I’d take my yummy latte to the rink where head coach, Patti, who I stayed with, would hand out our lesson sheets and discuss what we were doing in group lessons for the day and I’d bind my aching, blistered feet into their cement blocks for the day and off we went for 7 or 8 hours to create figure skaters!
Patti also had a handful of dedicated hockey players who had booked a private group all summer for power skating. Thankfully I had my hockey skates to strap on (which weren’t anywhere near as painful as the cement bricks that encased my wounded feet) and my power skating ‘bible’ to refer to and Coach Fyfe was back teaching the four phases of the forward stride, running starts, how to push down into the ice and Russian stroking passes.
Coaching power skating is, obviously, a lot different from figure skating but there are similarities.
The students were all pre-teen through teen years with their own background stories and drama happening away from their coaches’ eyes. They all wanted to be the best that they could be at their particular sport. Each of them had appropriate questions and answers during our lessons or they came armed with them the next time. And they were all high-achievers, dedicating several hours of every single day for 6 weeks to develop and hone their craft while many of their classmates were lounging by beaches or doing whatever it is that normal kids do during their summer holidays.
It was different from when I coached power skating to the Bismarck Bobcats in the early 2000’s. Those guys “had” to work with me twice a week thanks to their Canadian coach, John, who understood the value of having some sweet skating skills and speed. No sense being the best puck handler or goal-scorer if you can’t get to the puck first, right?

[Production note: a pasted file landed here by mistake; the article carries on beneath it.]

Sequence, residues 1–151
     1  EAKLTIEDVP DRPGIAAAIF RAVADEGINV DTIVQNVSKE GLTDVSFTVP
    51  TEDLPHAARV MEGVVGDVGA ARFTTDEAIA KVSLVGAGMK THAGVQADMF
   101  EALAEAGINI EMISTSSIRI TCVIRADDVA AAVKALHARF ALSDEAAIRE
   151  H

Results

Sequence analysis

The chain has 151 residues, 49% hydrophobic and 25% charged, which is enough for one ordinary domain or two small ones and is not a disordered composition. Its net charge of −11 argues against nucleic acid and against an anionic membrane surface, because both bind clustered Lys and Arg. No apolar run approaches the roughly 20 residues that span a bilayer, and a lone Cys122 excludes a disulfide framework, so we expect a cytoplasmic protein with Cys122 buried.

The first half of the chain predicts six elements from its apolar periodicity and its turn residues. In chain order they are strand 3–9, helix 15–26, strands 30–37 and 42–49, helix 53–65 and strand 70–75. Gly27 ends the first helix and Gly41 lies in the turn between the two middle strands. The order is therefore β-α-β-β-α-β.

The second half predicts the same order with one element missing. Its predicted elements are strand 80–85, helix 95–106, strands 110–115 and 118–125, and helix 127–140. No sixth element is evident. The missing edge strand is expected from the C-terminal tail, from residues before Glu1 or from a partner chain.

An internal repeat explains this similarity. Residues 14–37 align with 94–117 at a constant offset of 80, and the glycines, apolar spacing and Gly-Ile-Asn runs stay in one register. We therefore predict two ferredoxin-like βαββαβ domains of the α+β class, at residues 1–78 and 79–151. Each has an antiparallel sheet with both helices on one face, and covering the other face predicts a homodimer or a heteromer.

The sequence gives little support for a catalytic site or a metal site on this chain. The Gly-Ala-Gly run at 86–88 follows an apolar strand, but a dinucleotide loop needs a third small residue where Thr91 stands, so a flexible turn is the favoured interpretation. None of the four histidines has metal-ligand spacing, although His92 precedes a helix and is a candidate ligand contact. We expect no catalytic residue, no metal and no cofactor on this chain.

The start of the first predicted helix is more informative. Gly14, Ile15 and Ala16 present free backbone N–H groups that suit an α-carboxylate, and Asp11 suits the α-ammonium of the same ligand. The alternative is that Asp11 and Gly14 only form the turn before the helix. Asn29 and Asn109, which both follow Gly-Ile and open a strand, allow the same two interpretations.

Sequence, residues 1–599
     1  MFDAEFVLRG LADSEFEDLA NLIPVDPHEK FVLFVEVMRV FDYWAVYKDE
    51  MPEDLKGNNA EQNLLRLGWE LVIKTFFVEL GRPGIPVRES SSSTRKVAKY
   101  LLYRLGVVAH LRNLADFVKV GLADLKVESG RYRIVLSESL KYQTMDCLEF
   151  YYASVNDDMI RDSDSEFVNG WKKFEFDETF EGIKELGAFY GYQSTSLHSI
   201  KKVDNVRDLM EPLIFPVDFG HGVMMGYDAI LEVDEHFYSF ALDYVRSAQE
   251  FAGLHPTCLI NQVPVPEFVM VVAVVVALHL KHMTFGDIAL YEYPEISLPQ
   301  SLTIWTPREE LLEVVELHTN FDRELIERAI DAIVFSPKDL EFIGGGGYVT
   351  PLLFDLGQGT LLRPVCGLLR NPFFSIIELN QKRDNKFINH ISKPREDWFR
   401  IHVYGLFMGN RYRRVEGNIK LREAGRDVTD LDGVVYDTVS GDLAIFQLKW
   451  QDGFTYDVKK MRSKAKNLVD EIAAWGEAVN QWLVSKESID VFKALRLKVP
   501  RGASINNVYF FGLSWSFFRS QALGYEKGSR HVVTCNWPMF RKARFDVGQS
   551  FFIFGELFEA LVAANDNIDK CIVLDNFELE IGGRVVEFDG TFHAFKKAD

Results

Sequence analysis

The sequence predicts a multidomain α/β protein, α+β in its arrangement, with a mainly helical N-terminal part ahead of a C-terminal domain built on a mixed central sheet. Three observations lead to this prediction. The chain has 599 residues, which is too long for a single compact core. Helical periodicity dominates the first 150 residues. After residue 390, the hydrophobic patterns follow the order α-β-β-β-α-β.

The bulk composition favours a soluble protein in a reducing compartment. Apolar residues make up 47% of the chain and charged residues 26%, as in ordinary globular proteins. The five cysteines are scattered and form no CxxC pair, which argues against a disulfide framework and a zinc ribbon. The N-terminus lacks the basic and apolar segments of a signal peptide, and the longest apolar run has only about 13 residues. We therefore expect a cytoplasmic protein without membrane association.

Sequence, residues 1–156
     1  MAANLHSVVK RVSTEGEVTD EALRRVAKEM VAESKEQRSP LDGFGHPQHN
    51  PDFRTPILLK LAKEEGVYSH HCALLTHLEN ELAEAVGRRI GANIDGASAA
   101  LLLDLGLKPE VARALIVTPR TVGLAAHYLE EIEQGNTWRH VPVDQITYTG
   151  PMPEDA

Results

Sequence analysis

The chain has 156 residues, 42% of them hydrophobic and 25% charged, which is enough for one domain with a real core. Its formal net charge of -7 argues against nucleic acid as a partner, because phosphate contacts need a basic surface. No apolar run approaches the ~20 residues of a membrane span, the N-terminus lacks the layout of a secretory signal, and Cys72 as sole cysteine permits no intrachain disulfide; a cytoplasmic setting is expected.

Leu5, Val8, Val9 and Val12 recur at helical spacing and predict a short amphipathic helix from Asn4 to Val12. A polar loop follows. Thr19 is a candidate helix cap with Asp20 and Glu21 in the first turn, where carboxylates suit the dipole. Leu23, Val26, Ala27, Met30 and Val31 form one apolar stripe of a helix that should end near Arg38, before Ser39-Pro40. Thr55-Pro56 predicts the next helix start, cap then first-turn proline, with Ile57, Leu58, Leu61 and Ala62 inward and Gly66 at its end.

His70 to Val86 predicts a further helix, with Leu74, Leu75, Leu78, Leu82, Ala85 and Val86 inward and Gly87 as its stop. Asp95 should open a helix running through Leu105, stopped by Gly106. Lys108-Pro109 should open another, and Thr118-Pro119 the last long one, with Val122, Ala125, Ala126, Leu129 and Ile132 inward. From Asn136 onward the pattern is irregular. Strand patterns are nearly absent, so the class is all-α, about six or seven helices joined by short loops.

So the coach came back, as the title says, and the coach had fun.
And I got to explore golf courses in both Virden and Rivers, Manitoba thanks to Patti, Julie, Lil, Cindy and my dear friend, Karla.
I also got to play our ND golf course, Painted Woods with Alistair on weekends when I drove the 4 hours to get down to Bismarck.
And we’re back to smoky Montana next to the highest priority fire in the nation with hazardous air quality and a Red Flag Warning now through tomorrow night where I can’t quite see the nearby hills and mountains and half the community is on pre-evacuation orders and the horse trailer is hooked up and our foyer is full of important things hubby boxed up for me before he had to leave yet again for ND. And there was a bit of tragedy on the ND Fyfe Farm and our horse herd is one head smaller while I was in Virden but Alistair was able to handle it veterinary-style when he knew nothing more could be done. And I’m back to my online cooking course where I had the knowledge and confidence to make my own chicken stock during the day today and I’m super excited to get going on the Stir Fry course but I’m going to whip up my tasty garlic & shrimp quinoa for supper with my freshly made stock.
But more on all of that another time.
This blog is about me speaking fluent skating again. Its about making friends from other clubs and other communities and even other countries. Its about being cool inside a lovely, big ice rink on hot summer days. Its about enjoying learning about other skaters, coaches and parents and maybe making the time to hit a few golf balls with one or two of them. Or enjoy a fresh-cooked meal in an outdoor kitchen. With a Caesar expertly made by my Canadian friends.
2 thoughts on “The Coach Came Back”
Thanks Tanya it was so nice to meet you hope to see you again!!
Shanna, I had a lot of fun with all of you! Hope to get back there, myself 🙂